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July 24, 2011

Terps WR recruit Etta-Tawo 'on a different level'

With a sprinter's body and a quiet, unassuming demeanor, Amba Etta-Tawo didn't exactly look or act the part of a big-time wide receiver recruit when he began his varsity career two years ago.

“At first you looked at him, and he was not real impressive to look at,” said Ken Hockman, wide receivers coach at McEachern High in Powder Springs, Ga. “He’s kind of lean, but then you see him in the weight room, and he is really, really strong. Catching the ball, he really worked hard on his hands. He may have as good a [set of] hands as I have seen.”

Midway through Etta-Tawo’s sophomore season, Hockman – whose son Kyle is McEachern’s head coach – knew he had a future Division I wide-out on his hands. Hockman’s premonition was proven correct last week when Etta-Tawo committed to Maryland. He was also recruited by Illinois, Purdue, Southern Miss, South Florida and Virginia, among others.

Hockman, set to begin his 47th year of coaching, had a blank canvas to work with when it came to harnessing Etta-Tawo’s potential. The future Terp’s speed – and seemingly effortless stride – was immediately put to good use at McEachern.

“He’s got a real long stride,” Hockman said. “He gets 10 yards in four strides, maybe four and a half strides. In five strides he’s at 12 yards. It looks like he’s barely running. On the [school’s 4x100] relay team, he did really well. He runs the back straightaway and just passes everybody. On the deep routes, it’s the same thing. If the ball’s in the air, he takes four strides and he’s left you. I don’t care how good a defensive back you are – he just left you.”

Etta-Tawo, now a 6-foot-3, 180-pound player, became a weight-room warrior, a sound route runner and a surprisingly physical blocker. Hockman said Etta-Tawo's improvement – in all facets of his game – over the past two seasons has been dramatic.

“He’s kind of on a different level,” Hockman said. “Amba runs a two-step slant – everyone else runs a four-step. He has really good body control and explosion. He really developed that part of his game and route running over the past couple years. His hands have become just exceptional. … [He’s one of] the best blockers I’ve ever had. He just gets in there, holds up and stays on. He’s powerful. He’s a tough kid, and it’s amazing what he does to people.”

When it came to recruiting, Hockman said Etta-Tawo was extraordinarily thorough in doing his research. He consulted his brothers – one who played at Clemson and another who plays at West Georgia – and studied his options.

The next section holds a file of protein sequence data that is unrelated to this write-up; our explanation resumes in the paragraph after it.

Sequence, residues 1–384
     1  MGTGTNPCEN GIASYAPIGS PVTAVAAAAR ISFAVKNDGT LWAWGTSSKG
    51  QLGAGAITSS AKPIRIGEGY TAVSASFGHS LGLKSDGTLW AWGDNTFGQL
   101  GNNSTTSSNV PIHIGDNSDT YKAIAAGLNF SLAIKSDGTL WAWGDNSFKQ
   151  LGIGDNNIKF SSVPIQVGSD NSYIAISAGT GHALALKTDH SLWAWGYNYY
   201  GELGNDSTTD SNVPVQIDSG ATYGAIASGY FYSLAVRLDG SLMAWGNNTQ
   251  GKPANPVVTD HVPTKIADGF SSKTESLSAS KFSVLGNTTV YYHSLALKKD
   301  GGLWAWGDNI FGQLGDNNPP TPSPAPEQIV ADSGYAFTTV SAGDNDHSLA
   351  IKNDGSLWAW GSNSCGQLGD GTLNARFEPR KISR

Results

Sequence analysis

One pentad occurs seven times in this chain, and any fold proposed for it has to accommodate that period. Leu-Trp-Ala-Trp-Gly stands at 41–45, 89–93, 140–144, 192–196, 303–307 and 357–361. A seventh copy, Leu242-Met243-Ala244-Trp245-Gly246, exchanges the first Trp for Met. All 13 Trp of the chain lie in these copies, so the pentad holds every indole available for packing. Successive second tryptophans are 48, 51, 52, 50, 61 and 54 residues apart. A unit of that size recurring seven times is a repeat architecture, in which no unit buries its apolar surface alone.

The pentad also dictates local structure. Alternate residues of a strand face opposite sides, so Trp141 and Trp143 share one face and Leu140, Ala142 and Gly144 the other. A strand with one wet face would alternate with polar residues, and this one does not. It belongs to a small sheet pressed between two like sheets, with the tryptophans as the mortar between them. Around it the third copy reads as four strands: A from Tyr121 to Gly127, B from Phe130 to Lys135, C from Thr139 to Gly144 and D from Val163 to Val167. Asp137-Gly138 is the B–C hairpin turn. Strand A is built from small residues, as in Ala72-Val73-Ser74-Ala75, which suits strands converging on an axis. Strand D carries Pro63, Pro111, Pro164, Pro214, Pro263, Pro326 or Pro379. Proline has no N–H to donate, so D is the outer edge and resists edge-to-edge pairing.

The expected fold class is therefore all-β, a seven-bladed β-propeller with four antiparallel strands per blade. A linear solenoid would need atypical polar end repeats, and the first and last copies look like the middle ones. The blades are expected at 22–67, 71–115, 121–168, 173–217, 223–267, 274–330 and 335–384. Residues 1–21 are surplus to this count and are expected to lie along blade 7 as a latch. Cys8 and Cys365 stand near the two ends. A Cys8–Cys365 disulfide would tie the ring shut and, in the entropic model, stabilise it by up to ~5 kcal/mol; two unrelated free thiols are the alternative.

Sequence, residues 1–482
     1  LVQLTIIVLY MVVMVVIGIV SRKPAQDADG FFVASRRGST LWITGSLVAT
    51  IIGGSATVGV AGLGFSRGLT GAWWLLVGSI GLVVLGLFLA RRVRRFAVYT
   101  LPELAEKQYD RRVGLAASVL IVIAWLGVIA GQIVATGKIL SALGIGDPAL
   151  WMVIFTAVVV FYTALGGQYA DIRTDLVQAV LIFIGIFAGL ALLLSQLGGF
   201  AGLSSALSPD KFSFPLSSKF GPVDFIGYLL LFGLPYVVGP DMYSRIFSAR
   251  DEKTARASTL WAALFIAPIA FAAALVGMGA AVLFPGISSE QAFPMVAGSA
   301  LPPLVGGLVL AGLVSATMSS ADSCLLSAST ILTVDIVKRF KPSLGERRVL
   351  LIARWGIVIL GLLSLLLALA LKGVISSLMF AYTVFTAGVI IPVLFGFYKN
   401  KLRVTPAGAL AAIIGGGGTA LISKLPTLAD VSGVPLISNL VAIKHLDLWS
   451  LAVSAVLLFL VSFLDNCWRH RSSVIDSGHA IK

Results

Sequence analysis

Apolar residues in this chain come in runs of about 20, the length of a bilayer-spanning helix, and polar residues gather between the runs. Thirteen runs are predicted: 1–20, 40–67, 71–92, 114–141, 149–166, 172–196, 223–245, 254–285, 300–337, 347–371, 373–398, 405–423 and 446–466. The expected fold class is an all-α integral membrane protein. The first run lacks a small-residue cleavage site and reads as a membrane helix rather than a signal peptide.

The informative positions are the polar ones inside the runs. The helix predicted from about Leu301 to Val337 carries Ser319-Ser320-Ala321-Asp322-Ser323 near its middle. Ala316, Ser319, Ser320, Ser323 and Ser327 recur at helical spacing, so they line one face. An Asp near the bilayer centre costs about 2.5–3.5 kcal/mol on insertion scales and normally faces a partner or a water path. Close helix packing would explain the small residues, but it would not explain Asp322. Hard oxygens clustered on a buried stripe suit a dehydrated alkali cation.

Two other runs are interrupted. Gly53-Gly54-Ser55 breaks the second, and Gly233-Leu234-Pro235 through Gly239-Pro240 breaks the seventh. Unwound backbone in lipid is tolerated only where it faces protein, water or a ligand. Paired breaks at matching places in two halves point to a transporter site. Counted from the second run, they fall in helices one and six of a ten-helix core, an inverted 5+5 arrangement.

“[Some teammates said], ‘Terps, what does that mean?’ [I said], ‘I don’t know. It’s turtle.’ But he knew all about it,” Hockman said. “[He knew that] the quarterback(Danny O’Brien) is young, and how many times he attempted it. [He knew Maryland lost] their top receiver (Torrey Smith). But he knew all that kind of stuff. He’s very astute with things that way.”

Etta-Tawo hasn’t visited College Park yet, but Hockman said he’s excited to eventually see what the campus has to offer. Hockman said Etta-Tawo plans to major in engineering, making Maryland the perfect fit for him academically and athletically.

“He really wanted it,” Hockman said. “The new staff, with Randy Edsall, they really did a great job of recruiting him, telling him how he was going to fit in and how they’re going to use him. [Wide receivers coach] Lee Hull did a real good job of communicating with Amba. … You’re looking at a big 6-3, 180-pounder right now. He’s a big, long drink of water. But he’s tough.”

Posted by Matt Bracken at 11:22 PM | | Comments (4)
        

Comments

Wow, the kid committed without ever coming to campus. I like the description of him as a person and player. Amba, I look forward to you having a successful career at Maryland and in life after earning your degree.

I'm impressed with how well he makes defenders miss after catching the ball and how hard he is to tackle. Too many receivers just flop to the ground on the first touch because they don't want to get popped.

Also, the play at the 4:00 mark showed how quickly he got behind the defender. He had to stop and turn around and wait for the ball and he was still 5 yards behind the DB.

Usually being called a long strider is considered a problem. Here they seem to list it as his biggest asset??

"Usually being called a long strider is considered a problem. Here they seem to list it as his biggest asset??"

Think Randy Moss... he ran the same way and did pretty well.

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About Matt Bracken

Matt Bracken was a lightly recruited football and tennis prospect out of East Lansing (Mich.) High School in 2001, but spurned all (nonexistent) scholarship offers to attend the University of Michigan. Matt graduated from UM in 2005, earned a master's degree in new media journalism from Northwestern University in 2006, and spent the first 11 months of his career as an online producer / videographer / blogger at the Arizona Daily Star in Tucson. He has worked at The Baltimore Sun since July 2007, where he currently serves as the deputy sports editor for digital.

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